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by Angela Sharda
16 August 2018
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Management in Practice is speaking to a series of PMs on the front-line about what being a practice manager means to them.
Deputy editor, Angela Sharda talks to Kay Keane about the challenges practice management poses and the future of the profession.
Q. How has being a practice manager changed since you first started out in the profession?
I’m relatively new to practice management – I have only been working in this role for three years. I think practice management is about a team approach, it’s about getting the right team with the right skills. I think no two practices are the same, but in order for me to do my job it is crucial that I have a brilliant senior receptionist and an equally brilliant finance administrator; which I do. This allows me to look at developmental work and new challenges and keep all the plates spinning.
Q. When did you start as a practice manager and how did you get into the role?
I had been made redundant from my previous job and wanted a position that would help my work-life balance, I wanted to be able to walk to work and not have as many overnight stays. I had already been working in the NHS for my whole career so I knew what I was letting myself in for, but I think I completely underestimated the sheer volume of work that we face.
Q. What are the biggest challenges of being a practice manager today?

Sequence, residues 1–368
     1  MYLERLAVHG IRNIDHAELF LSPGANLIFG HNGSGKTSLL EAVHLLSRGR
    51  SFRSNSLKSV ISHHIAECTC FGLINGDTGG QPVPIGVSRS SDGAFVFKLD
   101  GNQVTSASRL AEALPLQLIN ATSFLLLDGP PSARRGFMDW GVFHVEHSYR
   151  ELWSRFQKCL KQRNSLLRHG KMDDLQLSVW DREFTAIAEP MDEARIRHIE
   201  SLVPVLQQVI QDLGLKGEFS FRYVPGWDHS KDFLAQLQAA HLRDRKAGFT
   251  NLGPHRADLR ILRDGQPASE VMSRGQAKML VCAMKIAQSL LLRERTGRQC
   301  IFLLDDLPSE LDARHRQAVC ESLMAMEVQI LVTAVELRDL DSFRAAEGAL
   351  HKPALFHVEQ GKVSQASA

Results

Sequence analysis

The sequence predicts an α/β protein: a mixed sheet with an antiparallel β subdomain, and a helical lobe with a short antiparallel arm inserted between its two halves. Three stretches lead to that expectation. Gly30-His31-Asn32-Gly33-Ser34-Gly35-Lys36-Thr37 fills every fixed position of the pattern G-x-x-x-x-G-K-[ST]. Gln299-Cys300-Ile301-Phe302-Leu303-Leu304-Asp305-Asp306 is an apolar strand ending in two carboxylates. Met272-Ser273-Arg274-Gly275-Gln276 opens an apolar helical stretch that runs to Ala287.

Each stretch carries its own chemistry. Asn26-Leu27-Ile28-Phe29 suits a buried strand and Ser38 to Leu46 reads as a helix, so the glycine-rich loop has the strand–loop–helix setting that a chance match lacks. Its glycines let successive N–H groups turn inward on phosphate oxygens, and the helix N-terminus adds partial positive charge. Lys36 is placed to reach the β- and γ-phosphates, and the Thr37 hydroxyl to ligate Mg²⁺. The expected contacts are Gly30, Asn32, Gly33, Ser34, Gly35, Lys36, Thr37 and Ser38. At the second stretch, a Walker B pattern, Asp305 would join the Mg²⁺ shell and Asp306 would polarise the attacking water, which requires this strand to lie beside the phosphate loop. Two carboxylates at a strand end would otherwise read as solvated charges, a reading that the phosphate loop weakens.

Having to say ‘no’ and delegating are the biggest challenges. There is not enough time to do everything well – so delegating is a must. Sometimes we are asked to do things that the practice isn’t contracted, or paid to do. But but it is a constant issue, finding the time to do things.
Q. What do practice managers need most in terms of support and resources?
I’d like to see more help to raise the profile of medical receptionists, they are the front line staff and deal with so much. I’d like us to be funded to be able to give them agenda for change.
Q. What do you find most rewarding about being a practice manager?
Patients – even the ones that complain, because that helps me to work out what we need to improve next. There is nothing nicer to me than walking into the waiting room and knowing that I can have an informal chat with the people there and find out how they view our services.
Q. How do you see the future of practice management?
I think we will have more specialised managers in networks, so one that leads on finance for example. This is something that would mean we could share skills and move away from being the ‘jack of all trades.’
Q. What do you think you would be doing today if you were not a practice manager?
I’d still be in the NHS, but probably in a project management role, which is where I came from. However, I would really prefer to be in my allotment full time.
Q. The practice manager role is forever evolving. If you could choose your dream team, what would it look like?
I have that already. I just need to find the right GP or ANP to join us. We now have wellbeing navigators, physiotherapists and an advanced practice nurse. I love my job and the team around me.
Kay Keane is a business manager at the Alvanley Family Practice.